Limber Tail Syndrome: My Dog’s Tail is Limp!

Better understand the condition in dogs nicknamed swimmers tail.
By JoAnna Lou, September 2016, Updated July 2020
swimmers tail in dogs

From time to time I hear about friends’ dogs who have developed something called “swimmers’ tail.” Officially referred to as Acute Caudal Myopathy, limber tail syndrome causes a dog’s tail to become limp. At first you might notice your dog weakly wagging her tail then shortly after her tail will become completely limp and she might show signs of discomfort. Seeing a normally perky dog tail go suddenly limp can be unnerving to most pet owners.

What is limber tail syndrome?

Limber tail syndrome is a condition in dogs that typically affects large breed dogs causing the dog’s tail to become flaccid typically after spending too much time playing in the water or overuse while playing. This type of overexertion can cause a strain of the muscles used for holding up the tail and tail wagging. Along with tail limpness, the base of the tail is often stiff, and the dog may experience pain. Limber tail syndrome will resolve on its own without veterinary intervention.

Limber tail syndrome is also known as swimmer's tail, cold tail, frozen tail, dead tail or any combination of limber, swim, and cold. Don’t confuse this condition for “Happy Tail Syndrome.” 

In 2016 a team at the University of Edinburgh wanted to study cases of limber tail in order to understand the habits and lifestyles that might explain why some dogs are affected and others are not. The researchers confirmed that limber tail syndrome is more likely to show up in working breed dogs such as English Pointers, English Setters, Foxhounds, Beagles, and Labrador Retrievers. Researchers also found that dogs with limber tail were more likely to live in northern areas, lending some support to anecdotal reports that the condition is associated with exposure to the cold. But don’t take this as a hard and fast rule, many dogs have experienced this in warm weather especially while swimming.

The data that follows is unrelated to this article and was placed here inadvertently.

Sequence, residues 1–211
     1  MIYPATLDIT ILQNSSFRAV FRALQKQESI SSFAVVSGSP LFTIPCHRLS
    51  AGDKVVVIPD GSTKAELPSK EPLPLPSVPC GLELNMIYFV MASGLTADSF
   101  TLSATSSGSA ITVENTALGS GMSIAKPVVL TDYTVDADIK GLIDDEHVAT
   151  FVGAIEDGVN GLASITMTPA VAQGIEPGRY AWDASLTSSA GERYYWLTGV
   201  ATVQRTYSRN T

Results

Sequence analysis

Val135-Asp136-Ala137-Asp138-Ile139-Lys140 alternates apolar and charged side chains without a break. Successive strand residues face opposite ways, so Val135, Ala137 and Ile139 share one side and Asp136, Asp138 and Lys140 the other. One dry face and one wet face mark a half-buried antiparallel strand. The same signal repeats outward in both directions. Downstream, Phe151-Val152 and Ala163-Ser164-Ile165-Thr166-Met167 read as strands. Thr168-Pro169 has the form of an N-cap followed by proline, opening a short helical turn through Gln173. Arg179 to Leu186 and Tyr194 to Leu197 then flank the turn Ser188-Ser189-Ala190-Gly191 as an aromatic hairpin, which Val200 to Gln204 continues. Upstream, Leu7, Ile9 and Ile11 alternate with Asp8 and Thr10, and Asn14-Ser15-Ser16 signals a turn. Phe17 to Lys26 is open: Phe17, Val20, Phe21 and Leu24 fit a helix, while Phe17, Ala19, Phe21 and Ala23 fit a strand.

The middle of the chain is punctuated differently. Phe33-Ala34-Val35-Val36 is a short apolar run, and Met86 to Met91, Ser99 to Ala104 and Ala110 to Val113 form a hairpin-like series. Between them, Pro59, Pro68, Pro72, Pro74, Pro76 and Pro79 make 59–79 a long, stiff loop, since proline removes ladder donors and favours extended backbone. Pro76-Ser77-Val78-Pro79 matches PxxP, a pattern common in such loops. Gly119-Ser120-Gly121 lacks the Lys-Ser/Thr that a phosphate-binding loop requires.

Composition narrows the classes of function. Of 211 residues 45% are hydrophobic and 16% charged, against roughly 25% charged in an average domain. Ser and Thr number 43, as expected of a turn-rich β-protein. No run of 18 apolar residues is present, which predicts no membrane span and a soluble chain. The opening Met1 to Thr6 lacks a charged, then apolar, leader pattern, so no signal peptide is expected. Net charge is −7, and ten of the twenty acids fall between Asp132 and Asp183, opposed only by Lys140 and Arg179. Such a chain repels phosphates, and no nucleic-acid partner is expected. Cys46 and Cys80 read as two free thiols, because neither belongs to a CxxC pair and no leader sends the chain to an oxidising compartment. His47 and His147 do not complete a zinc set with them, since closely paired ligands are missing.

Related: Swimming dogs are at risk of water intoxication

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An important note, while this condition has the nickname “swimmers’ tail” not all the affected dogs in the study had been swimming prior to the onset of symptoms. Researchers classified swimming as a potential risk factor. Interestingly, researchers also found that Labradors that suffered limber tail were more likely to be related to each other than unaffected dogs, which may indicate an underlying genetic risk factor.

This was the first large scale study of limber tail syndrome. Researchers hope that further studies will look to identify genes associated with the condition, which could help breeders identify animals that are likely to be affected. Overtime, this could help reduce the disease prevalence.

How is limber tail treated?

Thankfully, limber tail isn't a life-threatening condition, but this often causes it to be overlooked and underestimated. Limber tail is not often reported to veterinarians since symptoms usually resolve themselves within a few days or weeks. The best treatment for limber tail is rest, so encourage your dog to take it easy for a few days. However, limber tail is thought to be very painful and distressing for affected dogs so if the condition doesn’t resolve or show signs of improvement, contact your vet. Your vet may be able to prescribe pain relief and anti-inflammatory medication to ease the discomfort for your dog.

After a little rest and relaxation, your pup and her tail will be wagging again in no time.

JoAnna Lou is a New York City-based researcher, writer and agility enthusiast.